As I look back to the early years of my career as a financial advisor, I recall being driven by three powerful and distinct forces. The first was necessity. With a wife and three children completely dependent on my commissions, success was not a dream or a goal, it was a necessity.
What comes to mind when you hear the word confidence? You might think about the assurance of your own ability to accomplish a task or to succeed in some endeavor, great or small. You might also consider it as faith in somebody else; that they will do right or act in a trustworthy manner. Confidence in this light can also be associated with things that act in a predictable or reliable manner. It can mean a secret shared and it can describe the relationship of trust that exists to make sharing the secret possible.
Last week in Measuring Uncertainty I focused on the pitfalls of using performance alone to measure progress toward reaching your financial goals. It’s only natural to use returns because they are the universal language of the financial services industry. And if the language of the industry is returns, then the methodology for producing them is active management; where managers make specific investments with a primary goal of outperforming an investment benchmark index. But with return alone as your guide, you are left to wonder just how effectively your managers are improving your situation relative to your goals, how are they
Psychologists have uncovered a fascinating phenomenon about people at the racetrack. The moment after placing their bet on a horse they become much more confident of their horse’s chances of winning than they were immediately before placing their bet. Is it possible that the very same thing happens the moment we invest in a stock or a mutual fund?
If you’ve invested long enough, it’s almost certain that you’ve been made to feel less than knowledgeable, either by your advisor (unwittingly, of course) or by ‘Mr. Market.’ People invest for as many reasons as there are people. Today’s Brief addresses the purpose of the vast majority of investors; that of saving to replace the paycheck. Some call it retirement, some call it freedom from salary, others refer to it as their second half, and still others call it doing what you really want to do, or were meant to do all along. Whatever you call it, it happens when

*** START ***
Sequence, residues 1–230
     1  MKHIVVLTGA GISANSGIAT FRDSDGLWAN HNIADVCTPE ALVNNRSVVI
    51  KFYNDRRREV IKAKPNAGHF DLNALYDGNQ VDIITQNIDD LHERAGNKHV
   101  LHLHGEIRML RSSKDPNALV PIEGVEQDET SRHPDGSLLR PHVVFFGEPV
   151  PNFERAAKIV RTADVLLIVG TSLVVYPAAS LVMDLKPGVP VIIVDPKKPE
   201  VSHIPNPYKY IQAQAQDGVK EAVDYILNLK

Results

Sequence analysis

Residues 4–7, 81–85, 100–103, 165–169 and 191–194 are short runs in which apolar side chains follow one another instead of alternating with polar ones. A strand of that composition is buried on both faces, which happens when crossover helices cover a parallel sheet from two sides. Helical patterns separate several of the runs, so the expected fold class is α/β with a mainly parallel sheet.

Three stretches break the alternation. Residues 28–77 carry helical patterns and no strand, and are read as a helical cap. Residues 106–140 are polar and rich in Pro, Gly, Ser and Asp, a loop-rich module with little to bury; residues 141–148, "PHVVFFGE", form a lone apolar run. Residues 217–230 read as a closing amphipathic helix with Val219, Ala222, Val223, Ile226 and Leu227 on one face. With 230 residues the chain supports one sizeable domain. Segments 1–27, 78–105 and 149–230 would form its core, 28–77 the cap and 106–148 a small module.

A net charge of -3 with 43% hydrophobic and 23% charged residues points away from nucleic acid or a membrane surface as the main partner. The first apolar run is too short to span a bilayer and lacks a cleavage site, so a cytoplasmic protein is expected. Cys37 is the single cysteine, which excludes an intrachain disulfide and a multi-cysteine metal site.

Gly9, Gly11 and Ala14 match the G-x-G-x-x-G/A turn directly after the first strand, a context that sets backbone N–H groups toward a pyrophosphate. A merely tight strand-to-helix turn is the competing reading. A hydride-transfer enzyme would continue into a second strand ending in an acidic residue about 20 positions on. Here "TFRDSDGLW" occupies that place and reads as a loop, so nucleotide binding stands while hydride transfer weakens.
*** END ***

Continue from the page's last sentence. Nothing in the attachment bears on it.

Do you ever wonder if you will have enough money to see you through the surprises and challenges ahead? Or, if you are blessed with abundance, do you ever think how nice it would be to quantify your surplus, find purposes for it, to enjoy the benefits today; rather than leaving it to the next generation to fight over? Truth is, most people have no idea whether their plans are over- or under-funded, or by how much. They spend most of their time worrying about return.
The recent 8.2% dip in stock indices from their January 15th peak provides an opportunity for reflection. While market declines in general are not pleasant, one can understand investors are understandably squeamish after the 37% drop in 2008 and the peak-to-trough drop of 57% from October ‘07 to March ‘09. But ever since stock markets began, values have dropped then recovered only to go on to new heights. Our purpose today is not to predict the market’s next move, but to objectively examine its nature and demonstrate why worrying about the dips is needless and avoidable.
There is a steady and dramatic shift occurring in the investment world toward Exchange Traded Funds. ETFs as they are called, represent baskets of stocks which are managed only to match specific indexes, not to beat them, as is the case for actively managed mutual funds. According to a recent study by Barclays Global Investors US listed ETFs climbed to an all-time high of $607 billion at the end of August. The study suggests that a “conservative” growth rate of 20% compounded annually, would put ETFs above $1 trillion by mid-2011. That total would represent 10% of the US mutual
Information travels faster than ever now which tends to amplify panics and crises. The natural herd tendency to sell or buy is fanned by the rapid flow of news, often in its raw state. Globally linked computerized exchanges make buying and selling more efficient and faster than ever. What is crystal clear in this time of crisis and uncertainty is that we have no control of the markets (short of shutting them down). They are bigger and more powerful than any government and they will find their equilibriums in all circumstances. Predicting or timing them is all but impossible, especially